Gear Guide: For your iPod’s protection

Few electronic devices can boast of the same breath-taking appearance that the iPod offers the first time you take it out of the box. If you’d like to preserve that pristine condition for as long as possible, you’re going to need to take out an insurance policy in the form of a case, cover, sleeve or some sort of protective wrapping. The good news is, you have a lot of covers to choose from. And the bad news? You almost have too many covers to choose from. Fortunately, we’ve sorted through the clutter to come up with a diverse list of favorites; surely, some of our choices below will appeal to your particular aesthetic sensibilities.

That's a Wrapz

We get inundated with iPod cases, as you might expect. And despite access to hot and cold running samples, there’s one iPod case I’ve actually purchased with my own hard-earned scratch: the iFrogz Wrapz . Despite the gratuitous use of the letter Z, I love the $21 silicone case, which is available in an dazzling array of colors. I personally don’t use a belt clip for my iPod, but it comes with a sturdy screw-on clip if you do. Match it with a $6 Screenz , a clear screen protector that keeps scratches off your iPod’s fragile screen.—JASON SNELL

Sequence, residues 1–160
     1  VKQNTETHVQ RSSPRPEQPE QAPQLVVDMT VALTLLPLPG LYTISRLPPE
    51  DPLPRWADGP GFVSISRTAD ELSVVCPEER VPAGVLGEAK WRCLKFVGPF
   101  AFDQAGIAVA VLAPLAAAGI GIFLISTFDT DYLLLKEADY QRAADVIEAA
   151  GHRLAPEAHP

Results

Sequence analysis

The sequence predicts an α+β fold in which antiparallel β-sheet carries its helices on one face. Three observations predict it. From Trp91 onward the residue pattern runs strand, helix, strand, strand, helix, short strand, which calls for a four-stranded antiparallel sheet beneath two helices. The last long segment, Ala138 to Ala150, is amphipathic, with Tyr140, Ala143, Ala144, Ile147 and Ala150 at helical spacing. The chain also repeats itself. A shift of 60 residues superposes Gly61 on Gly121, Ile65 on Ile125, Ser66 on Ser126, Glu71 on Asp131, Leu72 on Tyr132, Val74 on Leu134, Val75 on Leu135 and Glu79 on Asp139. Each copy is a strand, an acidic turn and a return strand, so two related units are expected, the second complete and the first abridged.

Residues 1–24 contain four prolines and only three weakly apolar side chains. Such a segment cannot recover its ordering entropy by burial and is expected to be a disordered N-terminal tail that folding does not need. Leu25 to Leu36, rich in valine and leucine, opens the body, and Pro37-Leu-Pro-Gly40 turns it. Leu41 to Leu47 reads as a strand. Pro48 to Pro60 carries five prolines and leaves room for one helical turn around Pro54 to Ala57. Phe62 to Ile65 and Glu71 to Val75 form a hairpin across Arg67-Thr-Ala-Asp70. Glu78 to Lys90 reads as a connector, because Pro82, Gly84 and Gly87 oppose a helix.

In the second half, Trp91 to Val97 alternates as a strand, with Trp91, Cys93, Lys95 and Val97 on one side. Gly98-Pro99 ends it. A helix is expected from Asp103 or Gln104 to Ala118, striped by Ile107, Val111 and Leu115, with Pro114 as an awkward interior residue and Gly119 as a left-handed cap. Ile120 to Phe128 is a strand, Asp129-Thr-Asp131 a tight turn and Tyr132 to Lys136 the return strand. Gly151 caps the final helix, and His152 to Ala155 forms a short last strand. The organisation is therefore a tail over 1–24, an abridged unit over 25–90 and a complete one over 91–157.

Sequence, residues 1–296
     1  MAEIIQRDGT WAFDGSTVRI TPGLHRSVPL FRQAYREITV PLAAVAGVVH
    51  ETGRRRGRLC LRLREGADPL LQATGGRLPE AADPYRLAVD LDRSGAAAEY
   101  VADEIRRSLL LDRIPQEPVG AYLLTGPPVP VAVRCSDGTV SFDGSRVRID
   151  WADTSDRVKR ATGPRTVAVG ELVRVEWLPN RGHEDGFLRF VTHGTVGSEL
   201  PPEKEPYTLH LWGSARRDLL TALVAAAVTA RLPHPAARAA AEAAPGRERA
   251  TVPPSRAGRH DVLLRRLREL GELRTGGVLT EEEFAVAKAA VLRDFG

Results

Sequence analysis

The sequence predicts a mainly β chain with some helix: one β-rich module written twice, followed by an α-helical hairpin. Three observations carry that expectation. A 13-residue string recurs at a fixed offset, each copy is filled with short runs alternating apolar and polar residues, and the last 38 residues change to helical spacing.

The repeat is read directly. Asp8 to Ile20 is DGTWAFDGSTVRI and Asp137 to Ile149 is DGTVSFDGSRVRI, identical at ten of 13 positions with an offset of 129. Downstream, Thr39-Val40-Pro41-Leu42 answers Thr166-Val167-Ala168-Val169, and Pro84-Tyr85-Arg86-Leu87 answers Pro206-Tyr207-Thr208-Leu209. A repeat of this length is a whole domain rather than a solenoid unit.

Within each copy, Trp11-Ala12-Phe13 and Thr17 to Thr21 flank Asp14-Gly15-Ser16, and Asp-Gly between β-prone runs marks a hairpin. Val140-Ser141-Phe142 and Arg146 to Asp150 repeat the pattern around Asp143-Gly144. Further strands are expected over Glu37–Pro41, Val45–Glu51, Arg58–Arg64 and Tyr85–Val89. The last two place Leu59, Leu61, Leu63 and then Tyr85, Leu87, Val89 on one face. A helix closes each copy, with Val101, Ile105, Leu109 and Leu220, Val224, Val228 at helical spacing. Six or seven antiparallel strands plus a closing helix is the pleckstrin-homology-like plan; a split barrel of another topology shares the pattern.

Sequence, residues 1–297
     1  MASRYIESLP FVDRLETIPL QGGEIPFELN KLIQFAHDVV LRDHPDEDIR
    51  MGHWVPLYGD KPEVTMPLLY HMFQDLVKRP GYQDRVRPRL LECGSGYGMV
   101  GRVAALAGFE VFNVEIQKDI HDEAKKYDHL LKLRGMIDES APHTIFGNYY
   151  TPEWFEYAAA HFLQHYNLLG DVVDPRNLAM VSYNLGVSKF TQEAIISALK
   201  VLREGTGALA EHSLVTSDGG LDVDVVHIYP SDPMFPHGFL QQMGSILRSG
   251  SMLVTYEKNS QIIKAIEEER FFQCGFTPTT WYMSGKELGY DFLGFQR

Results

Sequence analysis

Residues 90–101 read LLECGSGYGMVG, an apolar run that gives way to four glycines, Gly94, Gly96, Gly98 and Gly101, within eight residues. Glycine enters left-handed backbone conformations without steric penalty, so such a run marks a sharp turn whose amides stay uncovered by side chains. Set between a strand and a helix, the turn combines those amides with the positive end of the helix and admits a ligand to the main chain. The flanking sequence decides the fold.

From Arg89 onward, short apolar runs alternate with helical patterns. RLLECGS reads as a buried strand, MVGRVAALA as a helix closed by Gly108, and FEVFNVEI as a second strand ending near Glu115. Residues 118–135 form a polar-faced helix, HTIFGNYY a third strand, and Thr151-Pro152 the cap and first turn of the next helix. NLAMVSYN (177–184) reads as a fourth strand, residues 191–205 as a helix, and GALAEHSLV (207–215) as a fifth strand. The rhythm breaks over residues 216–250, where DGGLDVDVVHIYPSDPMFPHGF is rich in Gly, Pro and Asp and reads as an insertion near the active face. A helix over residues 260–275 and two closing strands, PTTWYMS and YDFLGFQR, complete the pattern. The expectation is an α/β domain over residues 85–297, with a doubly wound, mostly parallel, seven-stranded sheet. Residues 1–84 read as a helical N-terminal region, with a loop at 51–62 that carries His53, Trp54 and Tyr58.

Kick back and watch

kickstand
Because of its tendency to scratch, the first thing you should do with a video-capable iPod—after admiring its beauty, that is—is put it in a protective case. And I don’t mean that flimsy pouch Apple provides. Ah, but there’s a wrinkle with covering up your fifth-generation iPod—because it plays movies and TV shows, you also want a case that gives you a good way to watch these programs. I’ve found a good solution that both protects the iPod without blocking its screen: Belkin’s $25 Kickstand Case . Not only does it protect your iPod with white , black , or pink leather (with a plastic cover for the screen and Click Wheel), but it also lets you bend back the top of the case and snap it in place to create a stand for the iPod—perfect for watching a movie on an airplane tray table or catching up on The Daily Show at your desk.—JONATHAN SEFF

The case for silicone

Silicone cases for the iPod may seem like they’re a dime a dozen, but some offer more features than others. Power Support’s Splash Case for iPod nano may be a little pricey at $35, but for that you get both everyday protection from scratches as well as a virtually watertight solution that can stand up to the toughest downpours. Once the bottom plug is firmly in place, the only opening in the Splash Case is for the iPod’s headphones. Don’t use the standard iPod earbuds? Power Support has you covered with an included universal headphone adapter.—DAN MOREN

The nano's running mate

Sportsuit relay